From Fabrizio Zavatarelli (Milan, Italy):
‘Well-known classics can be surprisingly mysterious. A particular case is the game between J. Rosanes and A. Anderssen (Breslau, 1863), which seems to have appeared in books before it was published in magazines:
1 e4 e5 2 f4 exf4 3 Nf3 g5 4 h4 g4 5 Ne5 Nf6 6 Bc4 d5 7 exd5 Bd6 8 d4 Nh5 9 Bb5+ c6 10 dxc6 bxc6 11 Nxc6 Nxc6 12 Bxc6+ Kf8 13 Bxa8 Ng3 14 Rh2 Bf5 15 Bd5 Kg7 16 Nc3 Re8+ 17 Kf2 Qb6 18 Na4 Qa6 19 Nc3 Be5 20 a4
20...Qf1+ 21 Qxf1 Bxd4+ 22 Be3 Rxe3 23 Kg1 Re1 mate.
The essential information came out in at least two stages. As far as I know, the game’s first appearance is on pages 717-718 of Dufresne’s Theoretisch-praktisches Handbuch des Schachspiels (Berlin, 1863) with no occasion mentioned and “Mises” named as White:
“Rosanes” and “Breslau, 1863” were later additions, and the first instance that I have found is on page 106 of J.G. Schultz’s Undervisning i schackspelet (Stockholm, 1869).
Both “Rosanes” and the occasion also appear on page 495 of Dufresne and Zukertort’s Grosses Schach-Handbuch, (second edition, Berlin, 1873). I wonder whether the game is also present in the first edition, which was published in 1863 with only Dufresne named as author, as listed by van der Linde in volume two of his Geschichte und Litteratur des Schachspiels (Berlin, 1874), page 23.
Can a more precise date for the game be found? Why was White identified as “Mises” (probably Samuel Mieses) at first? Today, can we be sure that Anderssen’s opponent was Rosanes? Is there a documented explanation as to why the game appeared in books but not in the Deutsche Schachzeitung or the Neue Berliner Schachzeitung?’
Jerry Spinrad (Nashville, TN, USA) mentions an earlier (i.e.
pre-1869) appearance of Rosanes’s name in connection with the
Anderssen game: the New York Albion
of 23 June 1866. The reference in note (a) ‘According to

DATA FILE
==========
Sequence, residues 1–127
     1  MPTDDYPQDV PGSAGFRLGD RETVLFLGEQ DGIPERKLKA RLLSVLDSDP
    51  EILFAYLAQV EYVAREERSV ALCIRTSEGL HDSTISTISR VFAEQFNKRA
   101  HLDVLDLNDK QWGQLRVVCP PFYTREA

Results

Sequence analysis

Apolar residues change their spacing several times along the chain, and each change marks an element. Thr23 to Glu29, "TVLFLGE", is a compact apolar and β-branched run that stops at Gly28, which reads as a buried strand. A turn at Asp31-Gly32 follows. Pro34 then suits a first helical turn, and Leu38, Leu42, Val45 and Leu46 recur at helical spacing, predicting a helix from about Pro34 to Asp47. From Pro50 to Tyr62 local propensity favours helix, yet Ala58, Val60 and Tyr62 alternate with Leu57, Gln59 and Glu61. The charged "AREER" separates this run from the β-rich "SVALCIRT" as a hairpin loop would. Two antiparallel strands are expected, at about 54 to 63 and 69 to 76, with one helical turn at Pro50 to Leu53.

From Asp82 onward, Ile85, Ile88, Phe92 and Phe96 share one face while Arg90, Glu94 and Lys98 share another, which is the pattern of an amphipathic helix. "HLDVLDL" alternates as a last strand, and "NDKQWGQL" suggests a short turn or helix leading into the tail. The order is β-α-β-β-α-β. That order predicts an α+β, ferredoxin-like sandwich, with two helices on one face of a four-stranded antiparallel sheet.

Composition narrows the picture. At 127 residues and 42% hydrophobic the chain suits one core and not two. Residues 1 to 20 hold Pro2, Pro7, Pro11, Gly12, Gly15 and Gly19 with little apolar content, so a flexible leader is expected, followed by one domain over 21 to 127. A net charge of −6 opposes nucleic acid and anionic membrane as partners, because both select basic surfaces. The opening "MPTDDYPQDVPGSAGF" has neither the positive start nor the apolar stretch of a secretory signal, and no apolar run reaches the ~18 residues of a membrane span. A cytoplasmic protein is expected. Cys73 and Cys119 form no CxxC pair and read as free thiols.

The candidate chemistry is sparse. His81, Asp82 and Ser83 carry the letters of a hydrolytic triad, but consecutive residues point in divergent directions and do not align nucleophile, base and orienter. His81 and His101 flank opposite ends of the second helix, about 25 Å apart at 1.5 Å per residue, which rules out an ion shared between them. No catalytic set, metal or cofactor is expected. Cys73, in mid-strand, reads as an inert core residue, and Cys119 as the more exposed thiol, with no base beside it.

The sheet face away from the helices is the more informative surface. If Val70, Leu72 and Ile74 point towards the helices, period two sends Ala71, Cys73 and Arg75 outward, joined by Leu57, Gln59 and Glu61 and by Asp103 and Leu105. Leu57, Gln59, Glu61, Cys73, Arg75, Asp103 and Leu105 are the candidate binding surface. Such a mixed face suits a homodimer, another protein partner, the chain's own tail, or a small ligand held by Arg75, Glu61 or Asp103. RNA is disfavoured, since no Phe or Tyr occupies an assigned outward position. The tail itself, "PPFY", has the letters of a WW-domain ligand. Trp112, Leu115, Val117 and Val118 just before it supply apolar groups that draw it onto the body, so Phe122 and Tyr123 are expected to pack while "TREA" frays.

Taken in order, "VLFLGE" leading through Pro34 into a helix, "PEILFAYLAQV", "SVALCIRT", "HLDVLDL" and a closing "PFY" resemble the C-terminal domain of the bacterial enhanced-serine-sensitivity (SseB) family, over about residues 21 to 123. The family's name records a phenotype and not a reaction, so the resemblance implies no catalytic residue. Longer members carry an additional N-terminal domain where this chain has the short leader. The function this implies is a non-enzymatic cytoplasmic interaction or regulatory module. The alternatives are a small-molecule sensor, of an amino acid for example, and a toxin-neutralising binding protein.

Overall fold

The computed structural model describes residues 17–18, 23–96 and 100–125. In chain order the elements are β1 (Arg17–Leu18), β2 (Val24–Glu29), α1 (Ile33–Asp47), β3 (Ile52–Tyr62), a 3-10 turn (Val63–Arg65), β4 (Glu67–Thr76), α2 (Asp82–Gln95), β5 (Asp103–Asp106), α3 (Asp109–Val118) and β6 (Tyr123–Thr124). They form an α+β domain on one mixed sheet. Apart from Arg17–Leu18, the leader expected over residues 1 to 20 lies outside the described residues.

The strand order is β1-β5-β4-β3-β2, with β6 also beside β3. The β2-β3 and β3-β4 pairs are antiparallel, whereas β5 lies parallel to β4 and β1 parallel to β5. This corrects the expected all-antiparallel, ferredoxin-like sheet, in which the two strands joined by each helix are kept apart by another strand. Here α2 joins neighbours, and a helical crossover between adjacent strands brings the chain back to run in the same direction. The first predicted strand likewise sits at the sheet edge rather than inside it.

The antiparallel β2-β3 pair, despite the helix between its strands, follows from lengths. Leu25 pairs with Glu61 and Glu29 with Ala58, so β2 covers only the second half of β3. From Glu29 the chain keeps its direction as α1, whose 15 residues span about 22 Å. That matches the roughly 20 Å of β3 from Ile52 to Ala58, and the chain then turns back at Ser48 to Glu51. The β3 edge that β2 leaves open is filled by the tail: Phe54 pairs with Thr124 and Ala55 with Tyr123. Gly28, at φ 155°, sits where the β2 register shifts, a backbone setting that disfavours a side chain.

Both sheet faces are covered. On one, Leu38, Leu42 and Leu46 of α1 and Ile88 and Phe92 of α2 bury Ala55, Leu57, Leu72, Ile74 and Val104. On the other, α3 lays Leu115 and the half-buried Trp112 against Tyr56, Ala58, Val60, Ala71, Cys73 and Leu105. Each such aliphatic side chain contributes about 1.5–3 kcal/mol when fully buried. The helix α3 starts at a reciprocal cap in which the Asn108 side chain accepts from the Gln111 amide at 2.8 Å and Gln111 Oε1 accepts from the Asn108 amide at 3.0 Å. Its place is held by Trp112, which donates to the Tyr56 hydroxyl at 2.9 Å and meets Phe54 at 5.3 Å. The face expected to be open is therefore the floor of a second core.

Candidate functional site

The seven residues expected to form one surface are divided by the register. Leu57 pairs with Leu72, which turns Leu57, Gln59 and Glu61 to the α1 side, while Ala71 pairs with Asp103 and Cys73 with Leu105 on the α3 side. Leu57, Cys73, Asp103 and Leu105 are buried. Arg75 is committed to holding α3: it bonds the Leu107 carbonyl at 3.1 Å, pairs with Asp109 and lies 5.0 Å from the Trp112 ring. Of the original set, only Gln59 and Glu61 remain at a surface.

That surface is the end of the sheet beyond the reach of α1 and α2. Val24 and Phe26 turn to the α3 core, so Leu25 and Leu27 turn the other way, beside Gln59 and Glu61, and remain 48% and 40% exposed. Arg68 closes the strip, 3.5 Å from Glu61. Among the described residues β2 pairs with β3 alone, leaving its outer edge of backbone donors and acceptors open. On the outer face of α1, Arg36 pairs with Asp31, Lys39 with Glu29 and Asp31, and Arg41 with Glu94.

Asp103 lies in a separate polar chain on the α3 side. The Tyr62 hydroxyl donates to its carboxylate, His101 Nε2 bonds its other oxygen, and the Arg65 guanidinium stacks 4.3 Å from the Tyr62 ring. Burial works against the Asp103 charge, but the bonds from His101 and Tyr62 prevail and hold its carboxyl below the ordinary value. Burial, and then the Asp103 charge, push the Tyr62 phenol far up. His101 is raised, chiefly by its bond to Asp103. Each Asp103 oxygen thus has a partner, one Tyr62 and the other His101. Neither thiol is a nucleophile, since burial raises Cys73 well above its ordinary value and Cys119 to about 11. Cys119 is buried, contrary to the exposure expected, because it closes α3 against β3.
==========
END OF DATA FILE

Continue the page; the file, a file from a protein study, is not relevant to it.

Anderssen’s Analysis ...’ may be a significant clue.
Among the nineteenth-century books which identified White as (Samuel) Mieses we were particularly interested to note Chess Exemplified by William John Greenwell (London, 1890) because of a comment on page 41:
So now, not only Rosanes and Mieses but a third name, Minckwitz. The book referred to is Chess Openings, Ancient and Modern by E. Freeborough and C.E. Ranken (London, 1889), and the relevant page is shown below, courtesy of Michael Clapham (Ipswich, England):
From the second edition onwards, Anderssen’s opponent was named as Mieses. For example, below is page 180 of the fourth edition (London, 1910):
From Peter Anderberg (Harmstorf, Germany):
‘The first publication of Anderssen’s win was probably on page 366 of Dufresne’s column in Ueber Land und Meer in March 1863:
Anderssen himself contributed a section to Dufresne’s Anthologie der Schachaufgaben (published in 1864 according to the title page, and with a preface dated September 1863) under the title “Analytische Glossen zu verschiedenen Eröffnungen mit Belegen aus wirklich gespielten Partieen” (pages 186-204).
On pages 197-199 Anderssen gave the score of the game in question, but not his opponent’s name. The following comes from the bottom of page 198:
“die hier zunächst eingeschaltete Partie, in welcher der Verfasser im Kampfe mit dem nämlichen Gegner, wie in der zuvor mitgetheilten, wiederum die Vertheidigung leitete ...”
This refers to another game, on page 193, where Anderssen called his opponent “einen Matador des akademischen Schachzirkels zu Breslau”. (The academic chess club was mentioned on page 68 of the January 1861 Deutsche Schachzeitung, where S. Mieses and Rosanes were named as members of the board.)
The first appearance of Rosanes’s name in connection with the game seems to be in G.R. Neumann’s Leitfaden für Anfänger im Schachspiel. The book was published in Berlin in 1865 according to the title page but had already been mentioned on page 304 of the Neue Berliner Schachzeitung, October 1864. The score was given on pages 64-65 under the heading “Rosanes-Anderssen”.
Neumann confirmed this in the Neue Berliner Schachzeitung, October 1865, page 319, with an explanation of Dufresne’s mistake.
In short, there is no doubt that Rosanes was Anderssen’s opponent.’
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